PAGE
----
Now, the Lord makes appeal to us. First, there is a joy and a gladness and a victory in remembering our Lord. The stewardship He has placed in our hands, there is a gladness in that beyond anything in this world. As you know, I was in Philadelphia this last August; spent several days there. And in Philadelphia, I wanted to go above all other places to one place, to John Wanamaker’s store; I was surprised at how big it is and how beautiful it is, one of the great stores of the world. That man, John Wanamaker, was a Baptist Sunday school teacher and superintendent. When he was appointed postmaster general of the United States, he took it upon one condition: that every Sunday he could go back to Philadelphia and teach his Sunday school class. I haven’t time to recount the experience; maybe I can in the second service. I haven’t time to recount the experience, but as a boy he had an unusual gladness, an unusual gladness, in giving to God, when he was a boy. And he said, “And all the rest of my life I found my greatest, highest joy in giving to God.” And as he became famous, and rich, and all blessed in God, he never forgot that great, infinite joy of remembering that what he had belonged to the Lord. And he blessed God in his life, and with all that he possessed.
A second thing: and there is peace and quiet and gladness of heart when we do it [Luke 6:38]. And I had several things to say of that, maybe I can say them in the second service. And then, this third, I want to take time to speak of. And this third: and there is a glory and a gladness in anticipation – by anticipation I mean as we look to the end of the way, and as we look to the ultimate toward which all of our life inevitably moves. For what is the end to be for us? Defeat and despair? Oh, no! The end of our lives is to be glory, glory, heaven, all of the things God hath in store for those who love Him [1 Corinthians 2:9]. And now, may I speak of that?
There was a man who had a dream; and what an unusual vision. He saw a guide escorting a couple to an abyss, and it was short. And the guide called it a grave. And the older couple, as they came to it, came with dread and foreboding. On the other side was the celestial city and the gates of pearl; but oh! such dread and such foreboding. And as the guide escorted them, they were cumbered down with all kinds of things. And the guide said, “Where did you get all these things, like a pack rat? Where did you get all of these things? Where’d you get all of that stuff? Where’d you get all of that junk?” And the couple replied, “Junk? Stuff? Why, this is what we’ve given our lives for. This, this is the treasure of this world. Stuff? Junk?” She said, “These are my jewels.” And he said, “These are my bonds and my stocks and my deeds. Junk?” And the guide said, “Put it all over there on the heap. Put it all over there on the heap. Put it all over there in the heap. You can’t take stuff like that with you. Why, we’ve got streets paved with that stuff. And the very foundation of our city is made out of those little bitty jewels like you have. Put it all on the heap. Put it all on the heap.”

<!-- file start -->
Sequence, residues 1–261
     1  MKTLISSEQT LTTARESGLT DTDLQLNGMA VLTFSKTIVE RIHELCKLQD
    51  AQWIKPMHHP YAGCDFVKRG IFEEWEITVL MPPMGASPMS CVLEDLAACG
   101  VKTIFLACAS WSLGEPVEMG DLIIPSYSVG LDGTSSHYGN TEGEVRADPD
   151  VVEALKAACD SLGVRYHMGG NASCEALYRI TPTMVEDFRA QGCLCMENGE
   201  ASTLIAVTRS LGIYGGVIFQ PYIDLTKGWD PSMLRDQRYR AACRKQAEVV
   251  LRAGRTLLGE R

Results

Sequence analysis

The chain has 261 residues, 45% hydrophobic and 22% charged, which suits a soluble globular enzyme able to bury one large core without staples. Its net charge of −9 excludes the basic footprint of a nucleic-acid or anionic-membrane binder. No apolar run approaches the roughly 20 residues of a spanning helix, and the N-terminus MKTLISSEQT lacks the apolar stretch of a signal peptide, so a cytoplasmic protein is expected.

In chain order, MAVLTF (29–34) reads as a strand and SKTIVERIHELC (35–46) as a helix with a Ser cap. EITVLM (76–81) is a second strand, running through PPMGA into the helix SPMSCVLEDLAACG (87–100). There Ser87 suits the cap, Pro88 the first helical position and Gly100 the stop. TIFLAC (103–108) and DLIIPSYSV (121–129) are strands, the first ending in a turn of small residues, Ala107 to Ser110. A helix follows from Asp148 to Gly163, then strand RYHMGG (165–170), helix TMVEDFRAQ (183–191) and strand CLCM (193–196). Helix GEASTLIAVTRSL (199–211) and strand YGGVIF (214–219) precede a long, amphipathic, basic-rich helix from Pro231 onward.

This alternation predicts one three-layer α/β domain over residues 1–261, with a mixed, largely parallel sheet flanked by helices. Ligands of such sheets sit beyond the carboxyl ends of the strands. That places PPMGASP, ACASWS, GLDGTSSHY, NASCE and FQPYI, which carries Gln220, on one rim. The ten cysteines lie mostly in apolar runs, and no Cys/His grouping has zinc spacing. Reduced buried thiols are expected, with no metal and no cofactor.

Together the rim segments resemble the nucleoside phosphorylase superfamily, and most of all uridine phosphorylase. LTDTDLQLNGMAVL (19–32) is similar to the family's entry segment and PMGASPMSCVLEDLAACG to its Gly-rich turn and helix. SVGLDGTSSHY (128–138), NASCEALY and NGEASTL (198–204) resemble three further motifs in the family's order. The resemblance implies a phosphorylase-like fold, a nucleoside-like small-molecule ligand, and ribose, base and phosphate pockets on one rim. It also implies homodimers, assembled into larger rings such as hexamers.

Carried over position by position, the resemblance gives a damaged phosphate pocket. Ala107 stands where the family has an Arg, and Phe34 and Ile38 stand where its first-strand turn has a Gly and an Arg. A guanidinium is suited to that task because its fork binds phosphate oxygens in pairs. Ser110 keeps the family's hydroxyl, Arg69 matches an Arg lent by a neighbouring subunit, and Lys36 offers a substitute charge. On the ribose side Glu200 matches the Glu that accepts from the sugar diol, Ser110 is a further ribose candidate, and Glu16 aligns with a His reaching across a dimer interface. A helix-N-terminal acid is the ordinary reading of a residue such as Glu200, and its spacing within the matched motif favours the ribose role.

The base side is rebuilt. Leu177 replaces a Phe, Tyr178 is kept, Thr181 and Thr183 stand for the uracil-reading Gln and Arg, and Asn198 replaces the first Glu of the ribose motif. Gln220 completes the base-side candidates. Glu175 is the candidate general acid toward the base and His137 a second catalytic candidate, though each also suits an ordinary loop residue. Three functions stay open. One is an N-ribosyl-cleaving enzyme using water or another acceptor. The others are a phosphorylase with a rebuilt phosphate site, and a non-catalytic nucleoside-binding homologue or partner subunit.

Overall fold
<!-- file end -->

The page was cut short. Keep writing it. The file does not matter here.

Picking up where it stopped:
And with great reluctance, they put it all on the heap, and crossed over with sadness and with foreboding; for all that they had was in this life, and they were saved as if by fire; just barely [1 Corinthians 3:11-15].
Then the guide escorted another couple up. Ah! as they drew near to that inevitable day, they lifted up their eyes, and that abyss was just an incident, just a small darkness before the dawn. Lifting up their eyes, there was the celestial city; glad to leave behind all that they possessed in this world. And when they crossed over that dark abyss, a great throng met them at the gate of the city, to welcome them home. And they were astonished, astonished! And there were faces they’d never seen, and there were people they’d never heard of. And they greeted them, and welcomed them. And they said, “We were,” and named those faraway lands, “and a gospel messenger preached to us the hope in Jesus, and we were saved. And when we came to this celestial city, we looked on God’s account book, and found that you had made it possible for the messenger to come. And had it not been for you, we would never have made it.”
And there were children there who had grown to men and women, that they taught the Word of God. And there were others there whom their lives had wonderfully blessed, that great throng welcoming them to the celestial city.
That’s what God wants us to do: take what He gives us, and use it to be rich toward Him. Send it over, send it before you, use it for God, invest it in things that cross over on the other side. Don’t leave it here for the dump. Don’t leave it here for the junk heap. Don’t leave it here, the stuff of this world, don’t. Ask God, “Lord, how do I turn it into coin of heaven? How Lord, do I use it for Thee?” And send it over, send it before you. And then it becomes an eternal inheritance, and you are truly rich. Ah! That the Lord shall bless His people in these days of prayer and searching, as we do a great and a magnificent thing for God.
Now, Brother Till, while we sing our song, while we make our appeal, in this throng in the balcony round, or somebody you on this lower floor, while you are here, while you are here, give your heart to Jesus, put your life with us in the church. And as the Spirit of heaven shall guide in the way, shall whisper the word, do it for God. Come, and welcome, while we stand and while we sing.